Domine Cancelari; praesento vobis Iohannem Bragg ut admitatur ad gradum Doctoris in Jure Civile (honoris causa).
The roots of vacinnium angustifolium, the wild blueberry from which John Bragg has built a world-wide frozen food empire, do not reach deep in the Nova Scotian soil. The same cannot be said of Mr. Bragg himself, whose family has lived in and cultivated the soil of Cumberland County’s Oxford for some seven generations. In the late 1950’s, the humble low bush yielded summer picking jobs, so that young Bragg could pay his way through Mount Allison University. By 2005, when he returned to “Mount A.” as Chancellor, Mr. Bragg’s Oxford Frozen Foods Ltd. had become North America’s largest agricultural freezing facility and the world’s largest wild blueberry operation, processing nearly four million pounds per day. Within the same interval, a junior tendril of Bragg’s business vision, now known as Eastlink telecommunications, had branched away from the Oxford lowbush and into the internet nexus; in years to come it would move at higher speeds into fibreoptic cable and soar wirelessly into thin air, connecting countless customers in Eastern Canada with each other and with the world. In the two ventures for which he is best known, John Bragg’s deep concern for those who live on and off of the local soil, as well as his keen eye for the trends of global commerce, have gained him an unofficial sobriquet: “the Oracle of Oxford.” His more official titles include director of TD Bank, and his accolades Officer of the Order of Canada, amongst others too numerous to mention.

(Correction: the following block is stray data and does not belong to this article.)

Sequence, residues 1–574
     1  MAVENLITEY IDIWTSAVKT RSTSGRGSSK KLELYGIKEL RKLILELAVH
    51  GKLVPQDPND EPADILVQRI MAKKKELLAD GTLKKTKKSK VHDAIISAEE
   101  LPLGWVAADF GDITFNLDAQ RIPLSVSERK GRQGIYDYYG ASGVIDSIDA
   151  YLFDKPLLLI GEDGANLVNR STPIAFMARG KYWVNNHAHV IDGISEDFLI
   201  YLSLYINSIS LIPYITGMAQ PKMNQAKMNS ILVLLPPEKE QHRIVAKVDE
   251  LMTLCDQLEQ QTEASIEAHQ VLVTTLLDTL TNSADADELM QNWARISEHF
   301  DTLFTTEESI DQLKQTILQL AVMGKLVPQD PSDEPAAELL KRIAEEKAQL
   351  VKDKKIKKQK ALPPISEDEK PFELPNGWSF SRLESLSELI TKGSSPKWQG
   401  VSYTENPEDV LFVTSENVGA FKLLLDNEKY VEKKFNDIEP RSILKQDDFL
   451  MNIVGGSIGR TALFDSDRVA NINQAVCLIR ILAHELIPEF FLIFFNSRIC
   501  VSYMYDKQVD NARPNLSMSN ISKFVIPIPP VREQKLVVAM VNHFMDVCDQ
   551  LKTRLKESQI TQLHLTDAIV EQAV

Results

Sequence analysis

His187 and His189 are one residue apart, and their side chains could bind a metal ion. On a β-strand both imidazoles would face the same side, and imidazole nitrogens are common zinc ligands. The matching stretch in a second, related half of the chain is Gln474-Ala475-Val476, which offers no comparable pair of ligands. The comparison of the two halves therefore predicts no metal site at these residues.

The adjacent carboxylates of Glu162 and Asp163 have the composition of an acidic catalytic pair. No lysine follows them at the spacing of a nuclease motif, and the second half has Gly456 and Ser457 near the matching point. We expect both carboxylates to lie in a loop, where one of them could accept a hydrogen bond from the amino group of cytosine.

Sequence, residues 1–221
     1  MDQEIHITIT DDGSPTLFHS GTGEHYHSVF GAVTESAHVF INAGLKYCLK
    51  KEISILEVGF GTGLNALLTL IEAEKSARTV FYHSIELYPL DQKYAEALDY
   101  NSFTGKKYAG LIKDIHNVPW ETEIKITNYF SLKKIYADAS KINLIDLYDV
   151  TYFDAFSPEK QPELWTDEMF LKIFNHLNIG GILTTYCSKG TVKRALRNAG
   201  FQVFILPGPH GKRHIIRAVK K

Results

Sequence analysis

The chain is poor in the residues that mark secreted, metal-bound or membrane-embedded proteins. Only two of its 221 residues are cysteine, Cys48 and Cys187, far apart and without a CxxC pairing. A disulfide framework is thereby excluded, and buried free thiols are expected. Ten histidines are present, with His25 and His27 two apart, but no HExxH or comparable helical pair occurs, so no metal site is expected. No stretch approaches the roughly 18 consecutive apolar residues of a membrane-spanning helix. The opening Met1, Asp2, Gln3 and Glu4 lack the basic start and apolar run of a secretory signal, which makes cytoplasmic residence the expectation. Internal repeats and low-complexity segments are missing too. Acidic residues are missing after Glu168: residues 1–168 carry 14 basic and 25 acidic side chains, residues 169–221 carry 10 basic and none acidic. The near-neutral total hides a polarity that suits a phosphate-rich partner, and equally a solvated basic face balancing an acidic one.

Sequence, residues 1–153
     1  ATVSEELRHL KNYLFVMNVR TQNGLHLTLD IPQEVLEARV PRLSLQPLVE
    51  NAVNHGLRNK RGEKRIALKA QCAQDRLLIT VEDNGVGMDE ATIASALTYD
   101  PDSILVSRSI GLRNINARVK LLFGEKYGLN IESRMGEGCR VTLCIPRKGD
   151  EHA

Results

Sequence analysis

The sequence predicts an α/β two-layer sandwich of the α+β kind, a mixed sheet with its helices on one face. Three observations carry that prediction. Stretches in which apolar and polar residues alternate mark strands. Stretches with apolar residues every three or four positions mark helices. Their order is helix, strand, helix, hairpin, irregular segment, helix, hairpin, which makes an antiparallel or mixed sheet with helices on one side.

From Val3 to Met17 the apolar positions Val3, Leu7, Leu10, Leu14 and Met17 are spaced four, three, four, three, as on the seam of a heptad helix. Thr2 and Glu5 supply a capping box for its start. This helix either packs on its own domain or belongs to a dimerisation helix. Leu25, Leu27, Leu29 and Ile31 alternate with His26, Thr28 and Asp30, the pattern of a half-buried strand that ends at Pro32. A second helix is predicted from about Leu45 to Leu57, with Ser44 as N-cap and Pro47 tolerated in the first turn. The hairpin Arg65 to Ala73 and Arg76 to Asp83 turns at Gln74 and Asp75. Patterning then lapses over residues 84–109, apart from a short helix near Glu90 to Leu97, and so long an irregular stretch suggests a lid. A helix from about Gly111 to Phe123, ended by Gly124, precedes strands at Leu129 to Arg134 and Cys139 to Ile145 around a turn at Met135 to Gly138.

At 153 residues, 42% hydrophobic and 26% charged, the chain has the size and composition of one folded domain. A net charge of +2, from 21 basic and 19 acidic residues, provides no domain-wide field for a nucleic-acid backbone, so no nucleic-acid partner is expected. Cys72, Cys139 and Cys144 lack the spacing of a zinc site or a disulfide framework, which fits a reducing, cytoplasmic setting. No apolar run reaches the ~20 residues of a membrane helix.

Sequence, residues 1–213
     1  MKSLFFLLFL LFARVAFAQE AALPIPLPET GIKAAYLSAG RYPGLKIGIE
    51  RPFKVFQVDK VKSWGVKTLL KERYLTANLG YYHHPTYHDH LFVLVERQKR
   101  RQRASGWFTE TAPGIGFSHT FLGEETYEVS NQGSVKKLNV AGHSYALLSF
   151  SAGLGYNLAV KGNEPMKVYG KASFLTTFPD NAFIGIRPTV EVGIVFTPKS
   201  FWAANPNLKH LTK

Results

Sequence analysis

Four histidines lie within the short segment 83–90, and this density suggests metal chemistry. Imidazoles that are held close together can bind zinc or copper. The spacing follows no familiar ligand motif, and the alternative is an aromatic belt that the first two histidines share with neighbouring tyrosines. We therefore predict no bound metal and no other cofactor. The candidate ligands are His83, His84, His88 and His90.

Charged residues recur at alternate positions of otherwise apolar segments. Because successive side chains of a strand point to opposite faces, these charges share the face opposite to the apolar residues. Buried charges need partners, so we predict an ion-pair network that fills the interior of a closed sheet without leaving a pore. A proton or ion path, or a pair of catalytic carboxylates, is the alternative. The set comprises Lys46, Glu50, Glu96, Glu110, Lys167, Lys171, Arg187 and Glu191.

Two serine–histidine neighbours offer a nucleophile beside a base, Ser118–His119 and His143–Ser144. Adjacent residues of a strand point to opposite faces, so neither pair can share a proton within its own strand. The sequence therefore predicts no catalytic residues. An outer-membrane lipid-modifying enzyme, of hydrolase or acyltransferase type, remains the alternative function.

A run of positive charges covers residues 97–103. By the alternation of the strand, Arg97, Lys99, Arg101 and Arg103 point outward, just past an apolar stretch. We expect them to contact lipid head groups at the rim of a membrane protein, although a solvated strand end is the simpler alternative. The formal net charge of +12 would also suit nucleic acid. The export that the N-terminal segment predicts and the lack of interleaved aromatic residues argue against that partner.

We are often told that among the many health benefits of the antioxidant blueberry is its capacity to increase mental acuity. It is perhaps no wonder, then, that Mr. Bragg has been so unstinting in sharing the fruits of his success with the brain trusts of higher education in Atlantic Canada. He has raised funds for and donated generously to both his alma mater and other regional universities. These include our sister institution, Dalhousie, where he has recently founded a Medical Scholarship in the name of Dr. John Hamm, former Premier of Nova Scotia and former Board Chair of King’s.
Nova Scotia claims the lowbush blueberry as her provincial fruit. Do these native pearls not belong to King’s as well, each as blue as the royal in the College colours, and each sporting its own little crown? And if blueberry be the College fruit, may we not also boast John Bragg, the blueberry king, a member of King’s Convocation? For his contributions to the economic prosperity of the Atlantic Region, no less than his patronage of its universities and the cause of higher learning, I ask you, Mr. Chancellor, in the name of King’s College, to bestow upon John Bragg the degree of Doctor of Civil Law (honoris causa).
Domine Cancellari; praesento vobis Rosellam Green, ut admitatur ad gradum Doctore in Jure Civili (honoris causa).